After being tipped off to Quicken’s 1% down program by mortgage industry insider Rob Chrisman, who noted Quicken’s program earlier this week, HousingWire contacted Quicken to answer that exact question.

Now, in an exclusive interview, Bill Banfield, Quicken Loans’ vice president of capital markets, provides more details on how this program came about, how it works, and why it’s so important for Quicken.

According to Banfield, the 1% down loan program isn’t quite as shocking as it appears.

The program is actually part of a partnership between Quicken and Freddie Mac that was announced in October 2015.

At the time, the details on the partnership were sparse, with the two organizations stating that the program will feature “unique, co-developed products to meet the needs of emerging markets, including Millennials, first-time homebuyers and middle-class borrowers.”

As it turns out, one of those loan options is a 1% down loan, but as Banfield notes, the loan is actually structured to be part of Freddie Mac’s Home Possible Advantage program, which the government-sponsored enterprise launched in December 2014, and requires a 3% down payment.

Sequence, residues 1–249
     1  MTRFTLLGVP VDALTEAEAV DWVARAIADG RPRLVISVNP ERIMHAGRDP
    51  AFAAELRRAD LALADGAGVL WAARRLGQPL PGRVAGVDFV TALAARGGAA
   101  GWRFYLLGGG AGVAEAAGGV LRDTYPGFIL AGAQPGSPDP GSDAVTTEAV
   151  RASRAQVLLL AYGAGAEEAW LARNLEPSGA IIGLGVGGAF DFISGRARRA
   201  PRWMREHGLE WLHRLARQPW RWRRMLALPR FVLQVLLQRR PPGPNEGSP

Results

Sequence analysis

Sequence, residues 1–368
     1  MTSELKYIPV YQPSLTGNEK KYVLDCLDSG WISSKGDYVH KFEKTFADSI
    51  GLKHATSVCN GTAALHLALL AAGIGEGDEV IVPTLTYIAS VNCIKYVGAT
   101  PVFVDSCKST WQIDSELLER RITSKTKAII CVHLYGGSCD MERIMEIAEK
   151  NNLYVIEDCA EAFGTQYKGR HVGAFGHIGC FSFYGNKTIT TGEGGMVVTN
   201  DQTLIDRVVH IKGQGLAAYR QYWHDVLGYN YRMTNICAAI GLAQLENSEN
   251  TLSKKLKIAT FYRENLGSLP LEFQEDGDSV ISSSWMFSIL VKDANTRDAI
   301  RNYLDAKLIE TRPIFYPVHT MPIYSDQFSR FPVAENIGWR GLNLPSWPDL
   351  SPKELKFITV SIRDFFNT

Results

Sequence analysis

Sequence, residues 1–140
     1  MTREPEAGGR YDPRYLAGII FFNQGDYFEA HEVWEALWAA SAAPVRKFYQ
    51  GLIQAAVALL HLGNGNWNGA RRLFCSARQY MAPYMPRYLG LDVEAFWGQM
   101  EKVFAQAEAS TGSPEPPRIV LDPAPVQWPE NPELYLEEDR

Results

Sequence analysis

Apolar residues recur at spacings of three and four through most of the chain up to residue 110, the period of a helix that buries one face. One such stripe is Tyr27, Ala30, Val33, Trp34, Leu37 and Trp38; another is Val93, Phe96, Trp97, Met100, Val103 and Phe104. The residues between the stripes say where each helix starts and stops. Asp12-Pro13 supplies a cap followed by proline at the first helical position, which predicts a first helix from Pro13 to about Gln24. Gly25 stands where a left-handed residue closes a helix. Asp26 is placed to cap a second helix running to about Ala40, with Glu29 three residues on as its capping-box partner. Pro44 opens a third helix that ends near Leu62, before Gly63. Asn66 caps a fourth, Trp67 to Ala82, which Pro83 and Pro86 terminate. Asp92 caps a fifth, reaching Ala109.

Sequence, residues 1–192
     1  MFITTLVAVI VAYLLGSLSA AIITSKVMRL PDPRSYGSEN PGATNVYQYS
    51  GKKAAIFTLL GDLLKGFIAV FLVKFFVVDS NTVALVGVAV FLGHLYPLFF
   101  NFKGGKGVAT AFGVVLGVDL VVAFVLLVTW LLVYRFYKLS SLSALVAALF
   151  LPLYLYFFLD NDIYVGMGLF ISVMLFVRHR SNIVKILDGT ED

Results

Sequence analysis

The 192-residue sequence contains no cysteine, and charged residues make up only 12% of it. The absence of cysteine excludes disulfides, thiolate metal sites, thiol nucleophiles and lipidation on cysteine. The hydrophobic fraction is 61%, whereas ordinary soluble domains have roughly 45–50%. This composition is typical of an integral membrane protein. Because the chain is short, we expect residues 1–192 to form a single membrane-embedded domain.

So how does Quicken Loans get from 1% down from the buyer to the 3% necessary to take part in Freddie Mac’s program? Quicken grants the extra money to the borrower, Banfield said.

“We require 1% from consumer and we give the consumer a 2% grant, so the client has 3% equity immediately,” Banfield told HousingWire.

But the 1% down program isn’t offered to everyone, Banfield said. There are several rules as to who is eligible…………………………………

Read more:

Ocwen Employee admits she “Creates needed Documents”


Does Ms. Wilson know that fabricating securities is a federal crime?

By the Lending Lies Team

Those of us the foreclosure defense industry don’t experience much laughter. For hours each day we try to provide guidance to people who have been victimized by their servicer, attorney and/or the courts. Often, by the time they come to us, the homeowner is in emergency-mode.

Yesterday, we did have a good laugh. While doing some preliminary research on a “corrective” Assignment of Deed of Trust, we did a little background on an employee at Ocwen who had signed the assignment.  We discovered a profile for the document signer Amber K. Wilson on the Linked-in website.

It appears that Amber K. Wilson has been a Servicing Operations Specialist at Ocwen since May 2015. Located in Iowa, Amber was looking for an, “entry level position that offers internal growth potential” and requires that she, “be able to be a leader as well as follow instructions.” It looks like she may have landed her dream job as a Servicing Operations Specialist at Ocwen Loan Servicing. There is no doubt that she has job security in the burgeoning field of document fabrication, or that she can follow instructions by signing deceptive documents by the thousands.